Chin Peng dies in Bangkok

Former Malayan communist chief Chin Peng (pic) died in Bangkok today, Thai newspaper Bangkok Post reported. He would have turned 89 this October 21.

The daily said his relatives will conduct religious rites this Friday.

Chin Peng led the Communist Party of Malaya (CPM) guerrilla insurgency and fought against British and Commonwealth forces to establish an independent Communist state.

Chin Peng, whose real name was Ong Boon Hua, had been living in exile, mostly in Thailand, after the party signed an agreement in Haadyai in 1989 to end hostilities.

The Haadyai agreement was inked on December 2, 1989 by CPM leaders and senior government officials representing Malaysia and Thailand and signalled the end of the decades-long jungle war in the two countries.

The agreement also allowed for CPM members to return home, if they so desired, but till the end, Putrajaya refused to allow him back.

He first applied to return to Malaysia in late 1990, but the application was rejected in December the following year.

After some of his CPM comrades were given permission to return home, including Rashid Mydin and Shamsiah Fakeh, Chin Peng made further efforts to see his hometown of Sitiawan after being away for decades.

He personally wrote to then prime minister Tun Abdullah Ahmad Badawi on June 14, 2004, but the letter never received a response. It was among the correspondence by Chin Peng,  his lawyers, and the government which was tendered in court during the hearing for his 2005 application to be permitted to enter and live in Malaysia.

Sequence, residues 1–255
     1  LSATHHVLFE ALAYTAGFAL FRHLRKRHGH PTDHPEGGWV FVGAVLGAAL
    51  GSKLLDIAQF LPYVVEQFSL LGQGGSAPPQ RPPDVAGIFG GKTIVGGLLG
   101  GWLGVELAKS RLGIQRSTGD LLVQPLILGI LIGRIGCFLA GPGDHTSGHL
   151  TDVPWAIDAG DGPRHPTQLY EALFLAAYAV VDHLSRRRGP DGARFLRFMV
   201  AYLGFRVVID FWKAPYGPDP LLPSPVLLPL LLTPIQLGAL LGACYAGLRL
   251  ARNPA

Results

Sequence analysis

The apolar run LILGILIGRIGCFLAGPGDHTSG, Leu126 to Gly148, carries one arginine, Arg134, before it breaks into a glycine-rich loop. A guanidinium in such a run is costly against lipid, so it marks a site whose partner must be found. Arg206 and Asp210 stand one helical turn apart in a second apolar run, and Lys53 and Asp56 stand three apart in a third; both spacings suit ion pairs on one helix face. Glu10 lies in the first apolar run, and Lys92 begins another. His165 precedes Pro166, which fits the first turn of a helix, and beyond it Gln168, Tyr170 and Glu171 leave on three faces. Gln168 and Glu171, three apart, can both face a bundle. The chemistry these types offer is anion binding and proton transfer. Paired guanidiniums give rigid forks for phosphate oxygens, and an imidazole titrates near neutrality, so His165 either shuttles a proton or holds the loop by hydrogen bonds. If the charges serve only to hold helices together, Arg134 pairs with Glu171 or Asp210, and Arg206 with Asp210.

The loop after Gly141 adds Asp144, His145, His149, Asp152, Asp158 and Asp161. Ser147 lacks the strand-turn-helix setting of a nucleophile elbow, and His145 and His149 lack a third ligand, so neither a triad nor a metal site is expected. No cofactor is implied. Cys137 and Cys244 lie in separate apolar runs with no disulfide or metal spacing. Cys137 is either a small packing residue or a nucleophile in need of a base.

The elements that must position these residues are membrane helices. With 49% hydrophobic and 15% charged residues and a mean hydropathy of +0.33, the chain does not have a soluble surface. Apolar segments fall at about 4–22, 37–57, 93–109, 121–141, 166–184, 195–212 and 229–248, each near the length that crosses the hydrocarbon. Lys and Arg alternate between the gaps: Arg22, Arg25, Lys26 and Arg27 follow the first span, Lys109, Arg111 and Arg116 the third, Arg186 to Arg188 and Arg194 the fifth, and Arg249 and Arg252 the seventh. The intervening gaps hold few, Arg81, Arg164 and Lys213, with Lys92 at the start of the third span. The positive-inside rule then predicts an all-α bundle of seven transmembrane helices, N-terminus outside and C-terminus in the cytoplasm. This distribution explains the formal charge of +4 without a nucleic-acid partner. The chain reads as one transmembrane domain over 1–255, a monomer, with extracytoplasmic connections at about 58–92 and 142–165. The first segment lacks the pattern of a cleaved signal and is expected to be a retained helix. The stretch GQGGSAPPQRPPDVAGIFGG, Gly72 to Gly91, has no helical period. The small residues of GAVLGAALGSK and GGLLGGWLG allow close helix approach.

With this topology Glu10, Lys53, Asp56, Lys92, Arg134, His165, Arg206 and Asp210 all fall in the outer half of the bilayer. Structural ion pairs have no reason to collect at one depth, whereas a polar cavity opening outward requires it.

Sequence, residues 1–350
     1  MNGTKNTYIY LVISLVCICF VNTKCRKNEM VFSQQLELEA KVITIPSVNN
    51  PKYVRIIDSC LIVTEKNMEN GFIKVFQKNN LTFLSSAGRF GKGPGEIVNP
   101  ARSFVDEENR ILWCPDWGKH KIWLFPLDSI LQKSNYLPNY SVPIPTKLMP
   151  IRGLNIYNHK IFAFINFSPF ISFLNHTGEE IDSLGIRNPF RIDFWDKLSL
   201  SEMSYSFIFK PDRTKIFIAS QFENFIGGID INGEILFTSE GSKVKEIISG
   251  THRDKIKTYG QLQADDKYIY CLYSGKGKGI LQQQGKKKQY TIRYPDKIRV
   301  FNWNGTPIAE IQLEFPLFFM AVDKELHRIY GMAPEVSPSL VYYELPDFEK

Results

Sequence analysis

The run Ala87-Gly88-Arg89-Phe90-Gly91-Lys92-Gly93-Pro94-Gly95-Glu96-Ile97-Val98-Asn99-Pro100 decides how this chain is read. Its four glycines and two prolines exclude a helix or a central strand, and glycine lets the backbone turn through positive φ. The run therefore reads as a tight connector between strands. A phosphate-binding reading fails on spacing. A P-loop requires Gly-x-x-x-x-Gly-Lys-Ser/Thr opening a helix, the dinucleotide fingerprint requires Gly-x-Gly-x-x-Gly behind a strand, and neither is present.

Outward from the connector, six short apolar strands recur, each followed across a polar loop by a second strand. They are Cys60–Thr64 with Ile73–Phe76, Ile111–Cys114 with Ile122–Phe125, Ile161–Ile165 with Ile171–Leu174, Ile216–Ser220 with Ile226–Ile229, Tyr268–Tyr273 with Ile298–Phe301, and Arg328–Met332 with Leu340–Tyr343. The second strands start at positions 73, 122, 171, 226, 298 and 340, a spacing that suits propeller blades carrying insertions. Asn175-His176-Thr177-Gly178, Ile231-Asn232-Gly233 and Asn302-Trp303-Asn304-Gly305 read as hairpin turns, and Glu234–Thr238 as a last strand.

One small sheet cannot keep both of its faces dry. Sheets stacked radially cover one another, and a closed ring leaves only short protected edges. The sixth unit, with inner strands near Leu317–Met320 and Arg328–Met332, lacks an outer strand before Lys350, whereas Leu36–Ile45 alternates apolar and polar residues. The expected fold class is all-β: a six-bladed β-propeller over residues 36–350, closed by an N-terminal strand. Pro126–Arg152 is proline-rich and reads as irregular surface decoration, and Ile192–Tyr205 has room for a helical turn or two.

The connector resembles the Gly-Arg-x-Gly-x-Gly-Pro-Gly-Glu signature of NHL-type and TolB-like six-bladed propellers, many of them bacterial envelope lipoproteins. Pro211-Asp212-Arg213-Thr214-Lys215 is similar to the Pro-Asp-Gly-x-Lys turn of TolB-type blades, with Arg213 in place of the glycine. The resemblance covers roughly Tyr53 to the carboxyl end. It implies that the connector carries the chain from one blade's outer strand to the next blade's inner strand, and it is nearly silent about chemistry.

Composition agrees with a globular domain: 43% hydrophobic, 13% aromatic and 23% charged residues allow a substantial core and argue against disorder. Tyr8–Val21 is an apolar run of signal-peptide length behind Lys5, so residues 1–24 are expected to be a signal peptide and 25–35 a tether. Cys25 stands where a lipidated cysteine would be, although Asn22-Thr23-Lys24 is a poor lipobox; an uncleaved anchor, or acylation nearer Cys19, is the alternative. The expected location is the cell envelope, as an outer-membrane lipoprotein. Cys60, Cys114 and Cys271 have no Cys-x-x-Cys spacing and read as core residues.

He told Malaysian journalists at a press session in Haadyai on November 27, 2009, that he believed he was “tricked” and “played” by the Malaysian government.

“I don’t dare to assume that it was intentional... [Whether] it happened in 1992 or much earlier, I can’t remember exactly. I think I was being tricked to go for an interview. They asked me to go to this place, and then the government side didn’t turn up. Then they asked me to go to another place... from one place to another. As far as I can remember, I was being played by them,” he reportedly said.

Then Home Affairs Ministry secretary-general Tan Sri Abdul Aziz Mohd Yusof, who is today the Election Commission chairman, wrote to Chin Peng’s lawyers on October 25, 2004, informing them without explanation, that his request to enter Malaysia was rejected.

Chin Peng then began turning to the courts. He lost his final bid in the Federal Court on April 30, 2009.

Of interest is the explanation given by then deputy defence minister Datuk Dr Abdul Latiff Ahmad in Parliament on why Chin Peng was still listed as an enemy of the country.

Abdul Latiff was quoted by Bernama as saying: “This is because during the signing of the peace accord with the CPM in 1989, he did not sign the agreement to lay down arms. Only the CPM agreed to do so and not Chin Peng.” - September 16, 2013.


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